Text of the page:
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Tune H Pers receives award for outstanding research on obesity and diabetes

portrait tune h pers. photo.
Tune H Pers is the recipient of the Leif C. Groop Award for Outstanding Diabetes Research in 2024. Photograph: Peter Andrew Stanners.

Do you think that people with obesity have themselves to blame? Tune H Pers tries to dispel persistent myths through his research on the brain's role in the development of obesity. The diabetes researcher at the University of Copenhagen is now awarded the LUDC Leif C. Groop award for his research on obesity and type 2 diabetes.

This year's recipient Tune H Pers investigates, among other things, the role of the brain for the development of obesity, a condition that increases the risk of type 2 diabetes.

"Many people are still of the opinion that people with obesity have themselves to blame and this can affect the self-esteem of those who are overweight. We shouldn’t underestimate the importance of a healthy lifestyle, but a growing evidence base suggests that obesity is more complex than we previously thought," says Tune H Pers, associate professor of cellular biology at the University of Copenhagen.

The ability to control eating

He is convinced that we will find some of the answers to the question of what causes obesity by studying mechanisms in the brain. In a study published in Nature Metabolism, Tune H Pers and his colleagues identified several cell populations in the brainstem that control the energy balance of mice. The researchers found that four of those cell populations were associated with genetic obesity predisposition. 

"We also showed that two of those populations were of particular importance for the ability to control eating. When we activated two of those cell populations, mice with a predisposition to obesity reduced their eating. It will be important to learn more about those processes to develop new new treatments for obesity," says Tune H Pers.

The role of the brain in type 2 diabetes

The role of the brain in type 2 diabetes is a relatively unexplored area. Previous research has shown that mice with high blood sugar levels can be cured from their diabetes after an injection of a growth-stimulating protein into a region of the brain named hypothalamus. In a study published in Nature Communications, Tune H Pers showed that sustained diabetes remission is dependent on specific receptor signaling in the brain.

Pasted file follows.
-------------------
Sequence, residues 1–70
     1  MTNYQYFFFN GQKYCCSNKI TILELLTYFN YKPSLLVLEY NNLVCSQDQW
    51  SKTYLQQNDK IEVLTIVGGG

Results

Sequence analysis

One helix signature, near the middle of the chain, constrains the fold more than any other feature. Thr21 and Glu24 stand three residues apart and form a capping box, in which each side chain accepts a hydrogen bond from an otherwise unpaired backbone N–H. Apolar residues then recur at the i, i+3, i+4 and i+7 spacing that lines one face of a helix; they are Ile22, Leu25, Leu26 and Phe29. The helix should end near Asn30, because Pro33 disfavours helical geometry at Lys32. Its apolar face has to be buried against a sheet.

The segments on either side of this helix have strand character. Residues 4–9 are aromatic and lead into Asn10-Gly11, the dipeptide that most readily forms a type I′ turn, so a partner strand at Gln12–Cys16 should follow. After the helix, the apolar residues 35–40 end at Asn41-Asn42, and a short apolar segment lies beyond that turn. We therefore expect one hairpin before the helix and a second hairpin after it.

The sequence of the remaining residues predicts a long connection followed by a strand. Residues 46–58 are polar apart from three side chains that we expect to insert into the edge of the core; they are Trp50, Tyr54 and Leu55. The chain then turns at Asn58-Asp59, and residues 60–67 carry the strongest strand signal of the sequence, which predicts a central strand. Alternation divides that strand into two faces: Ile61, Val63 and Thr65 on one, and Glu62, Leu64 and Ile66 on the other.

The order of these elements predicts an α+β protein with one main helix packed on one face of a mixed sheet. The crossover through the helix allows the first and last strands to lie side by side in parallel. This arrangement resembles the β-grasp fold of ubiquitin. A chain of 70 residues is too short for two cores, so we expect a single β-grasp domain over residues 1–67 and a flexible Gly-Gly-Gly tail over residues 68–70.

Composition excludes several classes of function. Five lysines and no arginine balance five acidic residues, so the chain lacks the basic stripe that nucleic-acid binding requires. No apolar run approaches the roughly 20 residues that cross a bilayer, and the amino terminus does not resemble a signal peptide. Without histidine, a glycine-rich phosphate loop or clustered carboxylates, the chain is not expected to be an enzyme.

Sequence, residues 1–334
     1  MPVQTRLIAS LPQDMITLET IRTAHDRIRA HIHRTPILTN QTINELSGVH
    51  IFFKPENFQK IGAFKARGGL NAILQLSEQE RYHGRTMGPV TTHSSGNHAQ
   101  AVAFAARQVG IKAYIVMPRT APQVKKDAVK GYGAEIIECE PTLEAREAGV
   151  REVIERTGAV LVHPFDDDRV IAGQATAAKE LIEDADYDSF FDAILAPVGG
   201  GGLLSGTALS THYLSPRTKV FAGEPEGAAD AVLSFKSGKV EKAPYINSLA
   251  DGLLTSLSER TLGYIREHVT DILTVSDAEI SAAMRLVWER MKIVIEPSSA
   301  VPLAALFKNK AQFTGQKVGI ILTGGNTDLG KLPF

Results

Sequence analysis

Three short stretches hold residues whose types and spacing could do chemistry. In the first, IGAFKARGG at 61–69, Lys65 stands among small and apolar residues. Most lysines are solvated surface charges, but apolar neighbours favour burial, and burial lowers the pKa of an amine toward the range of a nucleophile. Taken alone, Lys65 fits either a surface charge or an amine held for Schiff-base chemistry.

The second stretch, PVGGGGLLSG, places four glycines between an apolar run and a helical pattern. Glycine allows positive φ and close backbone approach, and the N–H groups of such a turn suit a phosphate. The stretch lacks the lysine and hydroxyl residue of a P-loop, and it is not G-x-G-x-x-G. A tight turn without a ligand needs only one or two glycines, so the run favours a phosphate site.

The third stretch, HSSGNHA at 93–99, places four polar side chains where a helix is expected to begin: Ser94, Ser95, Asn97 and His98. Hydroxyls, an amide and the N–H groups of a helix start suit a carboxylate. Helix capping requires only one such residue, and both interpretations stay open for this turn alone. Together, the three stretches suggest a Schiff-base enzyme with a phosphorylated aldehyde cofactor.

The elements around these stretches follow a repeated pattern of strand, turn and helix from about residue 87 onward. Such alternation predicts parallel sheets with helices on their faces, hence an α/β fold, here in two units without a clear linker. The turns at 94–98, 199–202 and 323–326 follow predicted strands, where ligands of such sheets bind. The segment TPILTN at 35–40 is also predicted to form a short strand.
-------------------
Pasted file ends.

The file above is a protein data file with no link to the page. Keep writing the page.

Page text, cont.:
"Standard antidiabetic drugs can be effective but fail to deliver adequate glycemic control to many patients. We need to learn more about the role of the brain to develop better drugs," says Tune H Pers, who leads a research group at the Novo Nordisk Foundation Center for Basic Metabolic Research at the University of Copenhagen.

Leif Groop

Leif Groop, born 1947, worked as professor of endocrinology at Lund University from 1993 until retirement and was one of the founding members of Lund University Diabetes Centre (LUDC). He graduated as a physician at University of Bern, Switzerland, and did his PhD at the University of Helsinki. Leif Groop is globally recognised for his contributions to diabetes research, including pioneering work on genetics and heterogeneity of type 2 diabetes.

Justification for awarding

"Tune H Pers receives the Leif C. Groop Award for Outstanding Diabetes Research in 2024 for research that has increased the understanding of how specific brain areas and cell populations regulate glycemic control, energy homeostasis, and genetic predisposition to obesity. His groundbreaking research combines genetic data, single-cell technologies and machine learning and could lead to new treatments for patients with obesity or type 2 diabetes."

The Leif C. Groop Award for Outstanding Diabetes Research

The Leif C. Groop award is awarded annually by Lund University Diabetes Centre (LUDC) to a young outstanding researcher within the field of diabetes who is active in the Nordic countries. The prize money of 100,000 SEK is awarded for scientific excellence that will benefits patients suffering from diabetes.

The award will be presented in connection with the LUDC DPLU Diabetes research day on February 27 where the recipient will give a lecture.